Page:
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Towards the development of reliable and economical mHealth solutions: A methodology for accurate detection of Buruli ulcer for hard-to-reach communities


mHealth interventions have the potential to increase access to healthcare for the most hard-to-reach communities. For rural communities suffering disproportionately from skin-related NTDs, and Buruli ulcer, there is a need for low-cost, non-invasive and mobile tools for the early detection and management of disease. Dermoscopy is a noninvasive in-vivo technique that has been useful in improving the diagnostic accuracy of pigmented skin lesions based on anatomical features and morphological structures of lesions.ObjectivesUsing dermoscopy, this study develops the automated tools necessary for developing an effective mHealth intervention towards identifying BU lesions in the early stages. Methods: This imaging methodology relies on an external attachment, a dermoscope, which uses polarized light to cancel out skin surface reflections. In our initial studies we used a dermoscope with only crosspolarized white-light (DL100, 3Gen) but later we adopted a more advanced multispectral dermoscope (DLIIm, 3Gen). The latter employed additional monochromatic light at different wavelengths of the visible spectral range, specifically blue (470 nm), yellow (580 nm), and red (660 nm) color, to visualize pigmented structures of skin layers at different depths.ResultsResults obtained using a subset of 58 white-light images with confirmed diagnosis (16 lesions BU and 42 lesions non-BU) resulting in sensitivity of 100 and specificity of 88.10, with an overall accuracy of 94.05 at 95% CI. Performance obtained using a second dataset of 197 dermoscopic multispectral images (16 lesions BU and 181 lesions non-BU) resulted in sensitivity of 90.00% and specificity of 93.39% with a balanced accuracy of 91.69% (86.95% to 95.12% at 95% CI).ConclusionsThis system will continue to perform even as the technology evolves and newer dermoscopes are available. Subsequent studies involve the DL4 which provides more uniform and brighter illumination, higher lesion magnification, and wider field of view which, combined with the superb resolution of modern smartphones, can result in faster and more accurate lesion assessment. This is an important step for the development of mHealth tools for use by non-specialists in community settings for the early detection of Buruli ulcer, skin-NTDs, and other dermatologic conditions associated with disease, including wound healing and management of disease progression.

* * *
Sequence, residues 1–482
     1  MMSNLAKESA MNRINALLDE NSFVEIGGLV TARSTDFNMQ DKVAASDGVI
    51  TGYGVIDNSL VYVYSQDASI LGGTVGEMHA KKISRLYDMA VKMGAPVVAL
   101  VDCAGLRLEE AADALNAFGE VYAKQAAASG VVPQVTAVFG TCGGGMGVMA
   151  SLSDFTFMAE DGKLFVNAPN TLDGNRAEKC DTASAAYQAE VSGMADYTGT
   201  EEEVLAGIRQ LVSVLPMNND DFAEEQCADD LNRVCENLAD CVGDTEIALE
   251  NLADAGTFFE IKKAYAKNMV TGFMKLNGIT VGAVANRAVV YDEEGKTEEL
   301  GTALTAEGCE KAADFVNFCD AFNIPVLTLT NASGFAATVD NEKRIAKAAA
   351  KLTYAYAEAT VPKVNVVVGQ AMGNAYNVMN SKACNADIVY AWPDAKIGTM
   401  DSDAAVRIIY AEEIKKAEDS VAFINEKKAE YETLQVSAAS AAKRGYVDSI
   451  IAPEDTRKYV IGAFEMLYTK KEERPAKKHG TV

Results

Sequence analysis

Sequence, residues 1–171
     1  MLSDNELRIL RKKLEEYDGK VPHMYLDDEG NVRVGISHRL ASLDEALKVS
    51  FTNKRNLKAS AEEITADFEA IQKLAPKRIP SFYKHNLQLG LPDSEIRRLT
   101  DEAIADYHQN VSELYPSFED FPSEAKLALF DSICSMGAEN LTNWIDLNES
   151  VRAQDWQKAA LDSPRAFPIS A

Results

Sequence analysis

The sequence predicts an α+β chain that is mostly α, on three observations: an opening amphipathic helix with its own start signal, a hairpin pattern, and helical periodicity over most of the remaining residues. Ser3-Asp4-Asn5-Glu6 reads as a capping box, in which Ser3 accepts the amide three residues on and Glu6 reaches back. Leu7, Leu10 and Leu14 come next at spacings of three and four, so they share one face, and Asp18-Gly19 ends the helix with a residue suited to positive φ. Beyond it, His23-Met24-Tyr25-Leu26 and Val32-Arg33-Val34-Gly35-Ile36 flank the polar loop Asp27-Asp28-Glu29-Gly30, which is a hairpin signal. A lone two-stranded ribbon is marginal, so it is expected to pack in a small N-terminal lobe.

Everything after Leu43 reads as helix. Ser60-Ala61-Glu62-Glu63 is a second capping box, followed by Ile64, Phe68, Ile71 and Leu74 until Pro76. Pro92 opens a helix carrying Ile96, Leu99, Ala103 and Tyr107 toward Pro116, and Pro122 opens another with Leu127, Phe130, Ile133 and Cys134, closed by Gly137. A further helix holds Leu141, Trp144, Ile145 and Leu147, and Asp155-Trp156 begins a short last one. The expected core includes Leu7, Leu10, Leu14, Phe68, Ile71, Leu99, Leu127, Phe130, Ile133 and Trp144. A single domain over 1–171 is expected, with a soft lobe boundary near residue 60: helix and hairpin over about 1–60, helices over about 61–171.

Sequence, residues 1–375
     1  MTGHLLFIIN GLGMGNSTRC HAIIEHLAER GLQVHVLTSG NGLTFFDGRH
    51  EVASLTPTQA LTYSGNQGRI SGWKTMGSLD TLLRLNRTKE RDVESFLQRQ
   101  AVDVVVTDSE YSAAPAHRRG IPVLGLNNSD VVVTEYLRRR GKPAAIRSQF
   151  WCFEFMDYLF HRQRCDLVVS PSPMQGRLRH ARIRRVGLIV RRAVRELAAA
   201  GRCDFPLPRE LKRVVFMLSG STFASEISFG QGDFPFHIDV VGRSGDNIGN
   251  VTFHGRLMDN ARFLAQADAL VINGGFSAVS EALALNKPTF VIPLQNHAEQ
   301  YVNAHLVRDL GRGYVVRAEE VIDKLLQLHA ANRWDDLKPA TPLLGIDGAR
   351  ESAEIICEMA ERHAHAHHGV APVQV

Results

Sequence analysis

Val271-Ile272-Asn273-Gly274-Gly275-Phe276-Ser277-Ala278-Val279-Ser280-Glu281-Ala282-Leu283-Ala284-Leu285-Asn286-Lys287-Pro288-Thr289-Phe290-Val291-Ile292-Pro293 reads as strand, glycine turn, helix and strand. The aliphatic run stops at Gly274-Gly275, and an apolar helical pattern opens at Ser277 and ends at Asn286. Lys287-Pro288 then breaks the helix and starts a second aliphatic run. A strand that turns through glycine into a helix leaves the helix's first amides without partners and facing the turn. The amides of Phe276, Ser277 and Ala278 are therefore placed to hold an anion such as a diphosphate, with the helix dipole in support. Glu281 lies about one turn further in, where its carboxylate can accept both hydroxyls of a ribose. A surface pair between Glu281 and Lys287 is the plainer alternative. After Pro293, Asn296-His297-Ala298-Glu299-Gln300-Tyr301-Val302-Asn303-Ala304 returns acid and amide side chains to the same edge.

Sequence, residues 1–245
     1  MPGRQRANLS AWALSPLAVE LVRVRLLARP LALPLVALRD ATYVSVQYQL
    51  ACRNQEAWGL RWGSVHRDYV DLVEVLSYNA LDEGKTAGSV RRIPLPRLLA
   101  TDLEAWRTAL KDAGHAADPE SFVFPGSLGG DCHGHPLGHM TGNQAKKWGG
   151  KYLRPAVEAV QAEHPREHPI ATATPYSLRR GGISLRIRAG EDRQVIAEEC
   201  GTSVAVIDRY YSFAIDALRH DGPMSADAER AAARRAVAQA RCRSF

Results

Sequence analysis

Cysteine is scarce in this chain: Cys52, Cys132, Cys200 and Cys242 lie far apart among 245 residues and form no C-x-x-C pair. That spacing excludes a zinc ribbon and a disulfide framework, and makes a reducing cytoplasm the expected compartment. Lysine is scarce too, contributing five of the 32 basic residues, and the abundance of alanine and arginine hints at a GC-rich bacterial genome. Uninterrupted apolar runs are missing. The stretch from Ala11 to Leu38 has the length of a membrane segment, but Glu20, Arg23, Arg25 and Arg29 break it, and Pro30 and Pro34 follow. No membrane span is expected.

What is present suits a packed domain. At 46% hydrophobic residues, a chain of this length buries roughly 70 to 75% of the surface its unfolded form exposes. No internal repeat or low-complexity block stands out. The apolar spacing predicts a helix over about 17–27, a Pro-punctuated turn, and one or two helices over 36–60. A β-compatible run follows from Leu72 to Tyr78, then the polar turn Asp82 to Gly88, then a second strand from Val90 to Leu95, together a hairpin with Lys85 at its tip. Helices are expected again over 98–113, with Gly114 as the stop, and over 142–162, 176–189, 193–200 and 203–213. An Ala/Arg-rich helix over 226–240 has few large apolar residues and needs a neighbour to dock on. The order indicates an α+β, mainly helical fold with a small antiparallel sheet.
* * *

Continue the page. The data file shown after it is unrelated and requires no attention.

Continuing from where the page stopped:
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Journal Article
Queen CM
Hu R
Zouridakis G